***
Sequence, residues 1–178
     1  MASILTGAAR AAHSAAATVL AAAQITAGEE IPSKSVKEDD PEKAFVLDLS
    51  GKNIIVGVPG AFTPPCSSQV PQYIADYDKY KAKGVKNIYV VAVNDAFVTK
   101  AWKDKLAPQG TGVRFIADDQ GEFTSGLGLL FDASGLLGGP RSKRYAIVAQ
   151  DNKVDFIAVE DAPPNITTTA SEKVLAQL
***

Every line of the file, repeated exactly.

Sequence, residues 1–178
     1  MASILTGAAR AAHSAAATVL AAAQITAGEE IPSKSVKEDD PEKAFVLDLS
    51  GKNIIVGVPG AFTPPCSSQV PQYIADYDKY KAKGVKNIYV VAVNDAFVTK
   101  AWKDKLAPQG TGVRFIADDQ GEFTSGLGLL FDASGLLGGP RSKRYAIVAQ
   151  DNKVDFIAVE DAPPNITTTA SEKVLAQL